Afghanistan: Post-Taliban Governance, Security, and U.S. Policy [April 9, 2014]   [open pdf - 1MB]

"The United States and other donors continue to fund development projects, increasingly delegating project implementation to the Afghan government. U.S. officials assert that Afghanistan might be able to exploit vast mineral and agricultural resources, as well as its potentially significant hydrocarbon resources, to prevent a major economic downturn as international donors scale back their involvement. U.S. officials also seek greater Afghan integration into regional trade and investment patterns as part of a 'New Silk Road.' Persuading Afghanistan's neighbors, particularly Pakistan, to support Afghanistan's stability has shown some modest success over the past year. Even if these economic efforts succeed, Afghanistan will likely remain dependent on foreign aid indefinitely. Through the end of FY2013, the United States provided nearly $93 billion in assistance to Afghanistan since the fall of the Taliban, of which more than $56 billion has been to equip and train Afghan forces. The appropriated U.S. aid for FY2014 is over $6.1 billion, including $4.7 billion to train and equip the ANSF [Afghanistan National Security Forces], and the FY2015 request is similar to the FY2014-appropriated levels. Administration officials have pledged to Afghanistan that economic aid requests for Afghanistan are likely to continue roughly at recent levels through at least FY2017."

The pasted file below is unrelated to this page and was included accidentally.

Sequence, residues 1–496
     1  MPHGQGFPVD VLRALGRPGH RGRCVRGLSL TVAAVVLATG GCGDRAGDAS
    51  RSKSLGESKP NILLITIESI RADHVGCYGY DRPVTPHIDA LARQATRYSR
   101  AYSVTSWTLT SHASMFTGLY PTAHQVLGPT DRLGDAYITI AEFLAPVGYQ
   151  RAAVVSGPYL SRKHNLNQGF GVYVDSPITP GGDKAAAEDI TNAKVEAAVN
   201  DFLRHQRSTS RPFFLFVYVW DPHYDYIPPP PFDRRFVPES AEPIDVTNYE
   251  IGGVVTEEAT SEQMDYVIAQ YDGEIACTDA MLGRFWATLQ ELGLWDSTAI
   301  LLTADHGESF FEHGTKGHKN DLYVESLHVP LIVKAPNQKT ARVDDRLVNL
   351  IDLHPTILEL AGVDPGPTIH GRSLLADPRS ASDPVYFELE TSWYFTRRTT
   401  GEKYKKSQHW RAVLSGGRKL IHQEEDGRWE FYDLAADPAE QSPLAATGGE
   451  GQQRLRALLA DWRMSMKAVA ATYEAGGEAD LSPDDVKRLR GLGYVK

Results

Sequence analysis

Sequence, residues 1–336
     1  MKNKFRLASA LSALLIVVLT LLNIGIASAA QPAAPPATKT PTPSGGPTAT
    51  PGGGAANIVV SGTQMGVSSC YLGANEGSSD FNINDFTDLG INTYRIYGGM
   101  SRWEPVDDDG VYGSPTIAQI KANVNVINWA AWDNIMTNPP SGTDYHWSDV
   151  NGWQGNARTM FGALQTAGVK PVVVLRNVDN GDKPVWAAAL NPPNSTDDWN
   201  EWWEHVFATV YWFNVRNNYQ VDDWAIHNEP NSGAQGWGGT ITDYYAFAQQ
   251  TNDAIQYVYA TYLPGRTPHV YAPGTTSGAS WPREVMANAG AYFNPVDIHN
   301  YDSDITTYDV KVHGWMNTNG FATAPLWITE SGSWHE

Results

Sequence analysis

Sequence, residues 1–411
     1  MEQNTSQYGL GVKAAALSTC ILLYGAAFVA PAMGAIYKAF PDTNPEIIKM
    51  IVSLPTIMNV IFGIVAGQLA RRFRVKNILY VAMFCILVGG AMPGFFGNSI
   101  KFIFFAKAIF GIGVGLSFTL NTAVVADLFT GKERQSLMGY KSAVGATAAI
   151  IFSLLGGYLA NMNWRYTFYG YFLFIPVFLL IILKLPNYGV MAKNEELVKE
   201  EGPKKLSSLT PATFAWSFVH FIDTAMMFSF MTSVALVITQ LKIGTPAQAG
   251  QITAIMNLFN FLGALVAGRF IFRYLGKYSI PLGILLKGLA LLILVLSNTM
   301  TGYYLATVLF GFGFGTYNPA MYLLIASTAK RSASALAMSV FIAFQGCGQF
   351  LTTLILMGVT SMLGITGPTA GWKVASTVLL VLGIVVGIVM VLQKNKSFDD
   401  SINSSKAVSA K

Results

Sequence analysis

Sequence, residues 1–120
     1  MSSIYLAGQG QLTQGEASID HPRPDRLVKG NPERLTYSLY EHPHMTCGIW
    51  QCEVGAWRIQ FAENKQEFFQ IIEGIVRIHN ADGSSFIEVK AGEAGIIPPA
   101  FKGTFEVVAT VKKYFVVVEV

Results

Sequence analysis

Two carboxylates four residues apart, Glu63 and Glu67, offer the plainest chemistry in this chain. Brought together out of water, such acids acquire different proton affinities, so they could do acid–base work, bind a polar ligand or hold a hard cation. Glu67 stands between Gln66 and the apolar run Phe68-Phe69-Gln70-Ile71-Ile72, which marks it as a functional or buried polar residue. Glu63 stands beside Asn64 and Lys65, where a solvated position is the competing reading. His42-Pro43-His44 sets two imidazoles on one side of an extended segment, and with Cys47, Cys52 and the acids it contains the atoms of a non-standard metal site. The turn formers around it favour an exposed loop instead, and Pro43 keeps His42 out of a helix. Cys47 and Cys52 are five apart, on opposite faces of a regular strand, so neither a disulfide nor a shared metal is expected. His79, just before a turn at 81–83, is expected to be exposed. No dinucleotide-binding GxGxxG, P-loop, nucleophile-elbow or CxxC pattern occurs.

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CRS Report for Congress, RL30588
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